Winter pest control…safe for people, not for pests

The cold may have sent garden pests into hiding, but as it gets warmer they make a beeline for leafy new growth and flowers.

It is scary how quickly pests can chomp through a veggie patch or decimate spring flowering clivia. No one wants to put down poison, especially in homes with children and pets.

Fortunately, there are biological and organic solutions that make pest control safe for people, but not for pests.

Worm infested clivia?

With spring just over a month away, clivia will be getting ready to flower. These beautiful, indigenous flowers are perfect for shady gardens and need hardly any care. Unfortunately, they are the main food source for the amaryllis borer, a black and yellow banded caterpillar, and there are no natural predators.

If not eradicated the larvae burrow into the bulbs and kills the plant. The larvae enter and feed on the leaves, make visible tunnels on the leaves. In warmer areas the moths lay their eggs on the clivia all year round.

The solution for these pests is Margaret Roberts Biological Insecticide. It is a water dispersible granular microbial insecticide containing Bacillus thuringiensis var. kurstaki, for the control of caterpillar species.

  • Spray the leaves in late afternoon or early evening when the caterpillars are feeding. It is not necessary to spray the larvae.
  • Spray every seven to 14 days to break the life cycle of the larvae and prevent them from maturing.
  • When young active feeding larvae eat the treated foliage, they stop feeding within a day or so. They may hang from the leaves before rotting and dropping to the ground. Birds can safely eat the treated caterpillars -dead or alive!
  • Two applications per month until March will provide maximum protection for the clivia and other lilies.

Aphids are quick to feed on sprouting new growth.

Aphids and caterpillars spoiling your cabbages and kale?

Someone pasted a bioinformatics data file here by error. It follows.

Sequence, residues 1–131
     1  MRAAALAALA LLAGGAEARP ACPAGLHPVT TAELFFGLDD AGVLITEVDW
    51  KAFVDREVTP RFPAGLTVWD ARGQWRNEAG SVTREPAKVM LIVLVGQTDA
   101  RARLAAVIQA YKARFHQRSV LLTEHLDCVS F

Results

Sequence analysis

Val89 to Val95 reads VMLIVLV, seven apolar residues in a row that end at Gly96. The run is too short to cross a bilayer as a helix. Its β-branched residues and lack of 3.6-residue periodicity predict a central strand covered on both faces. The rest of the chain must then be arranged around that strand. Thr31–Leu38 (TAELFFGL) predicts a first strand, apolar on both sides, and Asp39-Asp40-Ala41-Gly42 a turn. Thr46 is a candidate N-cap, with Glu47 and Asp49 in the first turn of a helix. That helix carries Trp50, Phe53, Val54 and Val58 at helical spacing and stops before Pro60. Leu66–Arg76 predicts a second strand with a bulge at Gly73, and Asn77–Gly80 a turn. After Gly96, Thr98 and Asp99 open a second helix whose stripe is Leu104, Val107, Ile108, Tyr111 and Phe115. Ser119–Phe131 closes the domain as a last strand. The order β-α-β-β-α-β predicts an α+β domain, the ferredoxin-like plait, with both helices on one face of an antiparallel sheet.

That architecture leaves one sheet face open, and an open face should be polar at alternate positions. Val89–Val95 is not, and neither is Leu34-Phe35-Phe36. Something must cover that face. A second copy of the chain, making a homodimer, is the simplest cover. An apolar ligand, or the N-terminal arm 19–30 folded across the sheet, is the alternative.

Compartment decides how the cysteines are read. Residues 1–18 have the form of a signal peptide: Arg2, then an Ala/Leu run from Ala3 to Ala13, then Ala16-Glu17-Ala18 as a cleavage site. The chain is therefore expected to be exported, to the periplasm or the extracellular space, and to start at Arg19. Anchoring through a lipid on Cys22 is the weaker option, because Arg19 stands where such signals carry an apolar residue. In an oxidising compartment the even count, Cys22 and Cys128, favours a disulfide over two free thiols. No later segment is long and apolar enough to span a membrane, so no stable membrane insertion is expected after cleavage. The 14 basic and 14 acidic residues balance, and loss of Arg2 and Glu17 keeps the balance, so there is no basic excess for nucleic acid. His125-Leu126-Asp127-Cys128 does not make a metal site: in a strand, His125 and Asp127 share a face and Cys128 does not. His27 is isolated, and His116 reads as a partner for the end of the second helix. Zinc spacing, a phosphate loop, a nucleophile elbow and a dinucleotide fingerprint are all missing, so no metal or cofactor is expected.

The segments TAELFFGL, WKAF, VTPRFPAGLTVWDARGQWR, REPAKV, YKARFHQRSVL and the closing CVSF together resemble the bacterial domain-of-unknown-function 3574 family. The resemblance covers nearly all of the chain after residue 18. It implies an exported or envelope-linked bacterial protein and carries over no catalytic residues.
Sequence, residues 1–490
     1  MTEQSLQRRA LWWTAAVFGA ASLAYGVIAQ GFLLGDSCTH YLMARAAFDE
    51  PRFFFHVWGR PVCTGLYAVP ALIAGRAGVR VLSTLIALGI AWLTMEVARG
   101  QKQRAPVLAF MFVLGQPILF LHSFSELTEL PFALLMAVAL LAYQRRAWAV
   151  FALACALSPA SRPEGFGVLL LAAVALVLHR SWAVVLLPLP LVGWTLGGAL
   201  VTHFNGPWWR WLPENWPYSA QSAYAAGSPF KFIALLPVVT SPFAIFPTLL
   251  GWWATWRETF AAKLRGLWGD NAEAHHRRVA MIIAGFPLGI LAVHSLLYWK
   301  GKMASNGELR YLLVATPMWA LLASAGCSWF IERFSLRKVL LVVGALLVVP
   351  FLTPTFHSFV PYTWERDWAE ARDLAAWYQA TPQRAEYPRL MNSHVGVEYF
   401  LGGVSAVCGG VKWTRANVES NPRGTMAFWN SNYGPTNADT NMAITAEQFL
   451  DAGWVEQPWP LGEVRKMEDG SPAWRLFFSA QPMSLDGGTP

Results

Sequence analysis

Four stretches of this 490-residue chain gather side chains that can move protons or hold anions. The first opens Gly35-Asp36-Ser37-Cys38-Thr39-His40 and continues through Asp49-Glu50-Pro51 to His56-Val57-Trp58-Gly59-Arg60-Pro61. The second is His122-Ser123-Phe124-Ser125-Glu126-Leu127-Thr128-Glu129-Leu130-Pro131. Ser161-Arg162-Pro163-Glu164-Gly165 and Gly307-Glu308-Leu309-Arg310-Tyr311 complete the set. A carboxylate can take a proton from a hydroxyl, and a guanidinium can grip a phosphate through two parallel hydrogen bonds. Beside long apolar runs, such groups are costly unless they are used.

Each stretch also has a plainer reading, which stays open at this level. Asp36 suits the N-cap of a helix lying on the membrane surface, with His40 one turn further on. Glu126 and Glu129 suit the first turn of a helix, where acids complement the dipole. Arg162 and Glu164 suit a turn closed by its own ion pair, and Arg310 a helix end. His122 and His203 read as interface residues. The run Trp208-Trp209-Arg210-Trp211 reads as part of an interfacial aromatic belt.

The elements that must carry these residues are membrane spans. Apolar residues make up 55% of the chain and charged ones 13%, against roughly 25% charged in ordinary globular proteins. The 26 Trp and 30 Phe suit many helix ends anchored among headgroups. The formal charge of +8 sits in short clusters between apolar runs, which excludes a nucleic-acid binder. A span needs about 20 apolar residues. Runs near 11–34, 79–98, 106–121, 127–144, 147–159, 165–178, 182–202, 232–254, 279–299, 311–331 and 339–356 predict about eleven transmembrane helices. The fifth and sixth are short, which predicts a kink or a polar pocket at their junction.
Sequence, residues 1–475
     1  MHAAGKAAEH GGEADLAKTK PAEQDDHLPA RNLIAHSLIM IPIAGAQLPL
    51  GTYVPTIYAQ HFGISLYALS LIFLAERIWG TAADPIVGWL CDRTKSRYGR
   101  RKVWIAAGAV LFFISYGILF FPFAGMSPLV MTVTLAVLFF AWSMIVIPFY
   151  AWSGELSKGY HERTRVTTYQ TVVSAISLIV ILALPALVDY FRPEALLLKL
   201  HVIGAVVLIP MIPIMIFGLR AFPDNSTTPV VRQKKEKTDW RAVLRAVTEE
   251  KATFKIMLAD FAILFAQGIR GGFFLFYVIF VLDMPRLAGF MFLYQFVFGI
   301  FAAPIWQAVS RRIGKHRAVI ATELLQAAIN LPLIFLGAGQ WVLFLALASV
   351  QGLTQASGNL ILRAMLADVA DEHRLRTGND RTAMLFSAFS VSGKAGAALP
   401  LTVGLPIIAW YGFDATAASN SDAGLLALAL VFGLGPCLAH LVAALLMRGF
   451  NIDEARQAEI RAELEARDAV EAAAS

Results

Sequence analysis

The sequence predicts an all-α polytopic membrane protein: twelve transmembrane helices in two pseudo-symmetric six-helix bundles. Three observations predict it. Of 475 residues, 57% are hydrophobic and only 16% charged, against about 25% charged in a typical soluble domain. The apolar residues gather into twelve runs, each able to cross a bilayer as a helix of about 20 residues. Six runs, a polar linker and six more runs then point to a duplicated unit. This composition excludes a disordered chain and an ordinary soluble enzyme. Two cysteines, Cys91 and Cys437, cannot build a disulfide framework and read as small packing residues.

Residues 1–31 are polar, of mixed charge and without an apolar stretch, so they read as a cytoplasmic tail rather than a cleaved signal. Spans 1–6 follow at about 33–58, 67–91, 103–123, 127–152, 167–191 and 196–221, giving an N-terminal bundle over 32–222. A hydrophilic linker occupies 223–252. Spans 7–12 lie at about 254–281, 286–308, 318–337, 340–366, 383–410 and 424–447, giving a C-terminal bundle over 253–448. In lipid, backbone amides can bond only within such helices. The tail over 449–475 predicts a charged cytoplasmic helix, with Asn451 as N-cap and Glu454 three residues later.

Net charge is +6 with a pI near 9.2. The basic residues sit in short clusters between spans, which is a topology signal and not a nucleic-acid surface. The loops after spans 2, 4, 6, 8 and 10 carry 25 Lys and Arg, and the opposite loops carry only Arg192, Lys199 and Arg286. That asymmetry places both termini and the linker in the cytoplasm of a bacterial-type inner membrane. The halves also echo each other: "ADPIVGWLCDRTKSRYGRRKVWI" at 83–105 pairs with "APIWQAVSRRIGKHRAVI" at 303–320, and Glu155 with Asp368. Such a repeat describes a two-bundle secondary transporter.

The Margaret Roberts Biological Insecticide also controls cabbage caterpillars, semi-loopers (that have a looping motion) and Diamondback moth caterpillars. Look out for holes in the leaves and droppings. Apply twice a month for as long as necessary.

Aphids are another pest that targets cabbages and other leafy winter veggies. If not treated early, aphids can form dense colonies inside cabbage heads, making them inedible.

Aphids also congregate on the underside of kale and lettuce leaves. They suck water and nutrients from the leaves, resulting in stunted or deformed leaves. More seriously, aphids act as virus vectors and can introduce diseases like lettuce mosaic.

An organic solution is Ludwig’s Insect Spray, that is a contact pesticide with minimal impact on the environment and is safe for people and pets, but not fish. Its combination of canola oil, garlic and natural pyrethrum repels or controls aphids that attack brassicas, especially cabbages and kale.

Spray every five to seven days for best results. Because the natural pyrethrum in Ludwig’s Insect Spray has a residual action of maximum 24 hours after application, it is best to wait 24 hours before eating sprayed vegetables.

Check for caterpillars on the underside of leaves.

Mealy bug making a meal of the roses and fruit trees?

Another use for Ludwig’s Insect Spray is for pruned roses and fruit trees that suffered from insect infestations during summer. This will kill off over wintering stages of insects like scale, red spider mite and mealy bug.

The peak period for aphids, however, is spring, or as temperatures begin to rise and plants put out new, sweet, and tasty growth. Be prepared by having Ludwig’s Insect Spray on hand for immediate application to nip the problem in the bud.

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Safe for people and pets: Margaret Roberts Biological Insecticide.


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